Toxicology information systems have evolved swiftly from early, library-based bibliographic tools to advanced packages utilizing sophisticated computer and telecommunication technologies. These systems have evolved concurrently with the rapid expansion of the science of toxicology itself. Bibliographic files such as TOXLINE represent first attempts to handle the toxicology literature through online retrieval. Subsequent approaches applied the use of computers to provide literature-derived data, as in the HSDB or RTECS databanks, or to capture data directly from the laboratory. More advanced systems are utilizing computational and analytical approaches to extract knowledge from the laboratory data to predict outcomes. Societal concerns about hazardous substances, manifested in legislation and regulations, have been responsible for the generation of much toxicity information and the impetus to systematically collect and disseminate these data. Scientific progress in molecular biology, chemistry, and bioinformatics combined with advances in information technologies are also impacting the supply of toxicology information. The amount of information has risen dramatically over the years and it is more accessible and current than ever before. However, in order to derive meaning from the mounds of data and information, the field must rise to the challenge of fostering data accessibility, promoting data standards, and ensuring data quality.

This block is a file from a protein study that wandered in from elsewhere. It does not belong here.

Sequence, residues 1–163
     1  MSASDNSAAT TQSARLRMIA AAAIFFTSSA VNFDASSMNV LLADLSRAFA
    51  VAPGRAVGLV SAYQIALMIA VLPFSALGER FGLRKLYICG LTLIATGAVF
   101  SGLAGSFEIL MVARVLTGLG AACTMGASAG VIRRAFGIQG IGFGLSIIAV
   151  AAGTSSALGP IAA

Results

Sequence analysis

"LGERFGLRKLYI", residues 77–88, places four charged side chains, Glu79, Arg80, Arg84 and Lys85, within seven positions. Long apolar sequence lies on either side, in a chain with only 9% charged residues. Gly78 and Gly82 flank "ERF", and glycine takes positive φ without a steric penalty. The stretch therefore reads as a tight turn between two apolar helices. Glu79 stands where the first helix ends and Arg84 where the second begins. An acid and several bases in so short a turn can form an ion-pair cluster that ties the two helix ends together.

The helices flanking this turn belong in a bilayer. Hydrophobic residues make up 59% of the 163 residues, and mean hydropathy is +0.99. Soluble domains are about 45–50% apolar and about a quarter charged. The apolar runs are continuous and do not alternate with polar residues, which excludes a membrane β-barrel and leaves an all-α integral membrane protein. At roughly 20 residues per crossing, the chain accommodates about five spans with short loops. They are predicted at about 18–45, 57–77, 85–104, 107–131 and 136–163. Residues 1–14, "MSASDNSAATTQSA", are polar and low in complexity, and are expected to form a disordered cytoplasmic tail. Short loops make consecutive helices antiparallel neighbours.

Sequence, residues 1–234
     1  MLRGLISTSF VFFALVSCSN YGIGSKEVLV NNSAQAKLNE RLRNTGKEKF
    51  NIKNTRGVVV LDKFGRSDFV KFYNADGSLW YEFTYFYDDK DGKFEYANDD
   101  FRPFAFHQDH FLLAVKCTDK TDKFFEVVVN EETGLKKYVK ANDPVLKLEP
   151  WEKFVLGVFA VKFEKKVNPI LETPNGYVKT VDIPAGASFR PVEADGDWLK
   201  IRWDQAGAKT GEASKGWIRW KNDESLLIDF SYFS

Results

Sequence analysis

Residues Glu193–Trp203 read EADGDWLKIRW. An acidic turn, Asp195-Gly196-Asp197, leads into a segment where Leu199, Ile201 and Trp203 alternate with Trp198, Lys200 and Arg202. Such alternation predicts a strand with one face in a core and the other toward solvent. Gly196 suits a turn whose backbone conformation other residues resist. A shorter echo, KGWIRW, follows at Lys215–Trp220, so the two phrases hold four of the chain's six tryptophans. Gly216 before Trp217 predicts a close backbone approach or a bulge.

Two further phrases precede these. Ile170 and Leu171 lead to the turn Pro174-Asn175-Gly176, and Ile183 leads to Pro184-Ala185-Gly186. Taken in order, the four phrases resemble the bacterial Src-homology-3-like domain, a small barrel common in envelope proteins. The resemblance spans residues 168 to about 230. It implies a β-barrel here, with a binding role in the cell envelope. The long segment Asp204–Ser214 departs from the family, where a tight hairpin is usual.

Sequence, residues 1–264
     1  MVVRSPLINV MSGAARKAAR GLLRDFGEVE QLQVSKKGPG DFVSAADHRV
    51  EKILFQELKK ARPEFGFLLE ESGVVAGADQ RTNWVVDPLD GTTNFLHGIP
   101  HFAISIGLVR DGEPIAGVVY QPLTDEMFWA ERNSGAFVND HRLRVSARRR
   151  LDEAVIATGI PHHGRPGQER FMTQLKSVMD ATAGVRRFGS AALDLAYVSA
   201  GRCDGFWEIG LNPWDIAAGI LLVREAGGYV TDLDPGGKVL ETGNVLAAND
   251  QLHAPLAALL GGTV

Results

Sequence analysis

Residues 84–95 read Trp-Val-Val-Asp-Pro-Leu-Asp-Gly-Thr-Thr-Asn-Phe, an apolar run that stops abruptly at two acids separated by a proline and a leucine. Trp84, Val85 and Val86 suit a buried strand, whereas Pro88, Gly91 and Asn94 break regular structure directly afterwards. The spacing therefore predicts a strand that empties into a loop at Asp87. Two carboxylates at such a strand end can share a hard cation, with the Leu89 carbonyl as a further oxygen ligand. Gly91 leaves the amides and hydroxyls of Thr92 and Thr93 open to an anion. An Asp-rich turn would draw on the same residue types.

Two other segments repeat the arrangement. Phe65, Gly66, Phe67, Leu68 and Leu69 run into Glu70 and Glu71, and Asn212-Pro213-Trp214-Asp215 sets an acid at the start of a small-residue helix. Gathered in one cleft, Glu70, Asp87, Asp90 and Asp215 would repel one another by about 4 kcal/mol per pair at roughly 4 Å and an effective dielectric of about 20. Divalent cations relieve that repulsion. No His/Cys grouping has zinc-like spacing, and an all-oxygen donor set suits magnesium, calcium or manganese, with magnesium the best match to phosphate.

|Title of host publication
|Information Resources in Toxicology, Volume 1
|Subtitle of host publication
|Background, Resources, and Tools
|Number of pages
|Published - Jan 1 2020
- toxicological information system